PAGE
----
5. Apply remaining damage to Natural Armor.
  6. Apply remaining damage to Body Points.
  7. If any damage remains take a Wound condition in the location hit.

Special Circumstances

Killing Blows

A special kind of attack, known as a killing blow, is available to characters circumstantially. Killing blows can only be performed if an opponent has the Torso Wound condition. To make a killing blow you role-play giving the character a fatal wound. There is no special call made when you perform a killing blow.

Sometimes you'll hear someone say 'Killing Blow!' aloud when they perform one, this is incorrect and shouldn't be done.

A killing blow gives a character the Dead condition.

The Helpless Condition

A character with the Helpless condition is unable to defend themselves by any means. They can't execute any actions even if they are still conscious. The character is treated as having no free hands, and may not cast any spells even if the spell requires no incantation.

Condition Name

Effect Duration Common Sources Common Cures


You are unable to defend yourself. Variable Torso Wound and Terrorized conditions Removing the source.

Master's Strikes

A master's strike is a type of modifier call granted by some abilities and items. When used a master's strike modifies the characters next successful hit. Using a master strike a character can add either the 'Slay!' call or the 'Pierce' call to a weapon attack (for the purposes of this ability a projectile weapon delivering a tag bag spell does not count as a weapon attack). Additionally when using a masters strike Might is capped at 4 while dual wielding or with a sword and shield, instead of the normal cap of 2. Remember, only one modifier can be applied to a call at a time. If a modifer is already present, no additional modifiers can be added.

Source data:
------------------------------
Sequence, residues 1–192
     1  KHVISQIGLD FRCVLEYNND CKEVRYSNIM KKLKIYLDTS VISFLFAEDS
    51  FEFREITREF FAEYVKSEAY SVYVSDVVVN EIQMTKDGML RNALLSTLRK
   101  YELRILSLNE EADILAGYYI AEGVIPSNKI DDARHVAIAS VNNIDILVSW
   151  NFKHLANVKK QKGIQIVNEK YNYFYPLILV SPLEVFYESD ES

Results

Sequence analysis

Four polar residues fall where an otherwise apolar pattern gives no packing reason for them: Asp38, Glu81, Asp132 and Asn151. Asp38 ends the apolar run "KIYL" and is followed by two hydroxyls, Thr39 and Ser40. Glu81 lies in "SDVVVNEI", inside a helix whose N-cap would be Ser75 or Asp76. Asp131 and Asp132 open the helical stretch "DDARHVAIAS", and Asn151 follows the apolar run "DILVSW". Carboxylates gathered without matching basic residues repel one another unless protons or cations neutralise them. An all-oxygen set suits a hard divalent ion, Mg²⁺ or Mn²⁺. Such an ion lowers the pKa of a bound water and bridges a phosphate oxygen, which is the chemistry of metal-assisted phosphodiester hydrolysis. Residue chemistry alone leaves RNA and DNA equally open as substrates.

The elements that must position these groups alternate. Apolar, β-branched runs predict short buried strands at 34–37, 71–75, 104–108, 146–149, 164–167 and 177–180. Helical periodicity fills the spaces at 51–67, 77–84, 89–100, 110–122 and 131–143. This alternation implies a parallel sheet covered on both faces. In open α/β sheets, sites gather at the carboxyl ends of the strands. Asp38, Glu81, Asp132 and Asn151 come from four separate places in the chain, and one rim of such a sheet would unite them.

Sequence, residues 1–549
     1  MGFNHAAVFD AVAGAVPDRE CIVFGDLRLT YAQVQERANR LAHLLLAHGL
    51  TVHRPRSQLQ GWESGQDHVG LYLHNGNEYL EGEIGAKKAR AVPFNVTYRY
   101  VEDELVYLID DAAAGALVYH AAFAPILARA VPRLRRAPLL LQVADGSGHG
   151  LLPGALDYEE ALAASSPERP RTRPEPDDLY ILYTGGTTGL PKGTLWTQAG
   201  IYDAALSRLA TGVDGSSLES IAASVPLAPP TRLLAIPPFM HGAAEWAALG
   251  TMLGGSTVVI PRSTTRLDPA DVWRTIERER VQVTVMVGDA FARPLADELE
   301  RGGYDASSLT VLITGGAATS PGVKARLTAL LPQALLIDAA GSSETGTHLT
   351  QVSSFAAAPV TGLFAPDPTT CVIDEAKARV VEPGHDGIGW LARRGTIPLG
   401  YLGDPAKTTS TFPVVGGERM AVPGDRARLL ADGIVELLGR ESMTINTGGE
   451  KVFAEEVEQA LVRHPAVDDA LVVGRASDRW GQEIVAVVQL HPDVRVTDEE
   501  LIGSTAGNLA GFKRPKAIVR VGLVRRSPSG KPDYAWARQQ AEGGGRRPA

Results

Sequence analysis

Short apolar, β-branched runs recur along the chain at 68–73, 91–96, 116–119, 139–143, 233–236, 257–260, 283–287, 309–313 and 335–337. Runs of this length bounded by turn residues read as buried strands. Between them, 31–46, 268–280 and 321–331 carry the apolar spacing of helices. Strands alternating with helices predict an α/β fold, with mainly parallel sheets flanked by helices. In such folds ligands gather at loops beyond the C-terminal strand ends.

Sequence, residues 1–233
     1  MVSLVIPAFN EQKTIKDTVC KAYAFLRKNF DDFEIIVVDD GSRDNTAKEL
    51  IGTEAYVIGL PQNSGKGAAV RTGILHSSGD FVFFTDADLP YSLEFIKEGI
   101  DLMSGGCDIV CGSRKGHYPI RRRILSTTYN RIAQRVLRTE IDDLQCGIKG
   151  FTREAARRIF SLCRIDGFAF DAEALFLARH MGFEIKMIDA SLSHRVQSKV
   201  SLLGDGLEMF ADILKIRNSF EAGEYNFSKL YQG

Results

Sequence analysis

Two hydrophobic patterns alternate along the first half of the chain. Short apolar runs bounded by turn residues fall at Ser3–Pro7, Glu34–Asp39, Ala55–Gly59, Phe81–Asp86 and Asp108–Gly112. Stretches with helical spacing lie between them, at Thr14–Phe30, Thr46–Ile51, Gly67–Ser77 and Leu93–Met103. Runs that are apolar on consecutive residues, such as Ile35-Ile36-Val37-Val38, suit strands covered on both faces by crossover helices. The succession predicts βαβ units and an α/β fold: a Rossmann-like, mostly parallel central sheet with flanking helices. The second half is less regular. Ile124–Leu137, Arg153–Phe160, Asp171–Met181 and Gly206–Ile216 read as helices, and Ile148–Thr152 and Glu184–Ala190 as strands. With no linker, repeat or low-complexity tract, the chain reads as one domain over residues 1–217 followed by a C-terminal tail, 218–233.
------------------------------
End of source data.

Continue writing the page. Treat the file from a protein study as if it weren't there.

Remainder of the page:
Example: A character is using a great weapon and they attack for half damage to apply the slay call to the attack. They may not then apply a master's strike to that attack to also add the pierce call.

Damage and Defenses

When characters take damage there are 4 defenses that can be used to reduce that damage, hopefully allowing the character to avoid becoming wounded.

Body Points

Characters primarily gain body points from Body Skills. Other ways to get temporary body points include the Toughness spell, the Elixir of Toughness alchemical and the Alchemical Ascension ritual.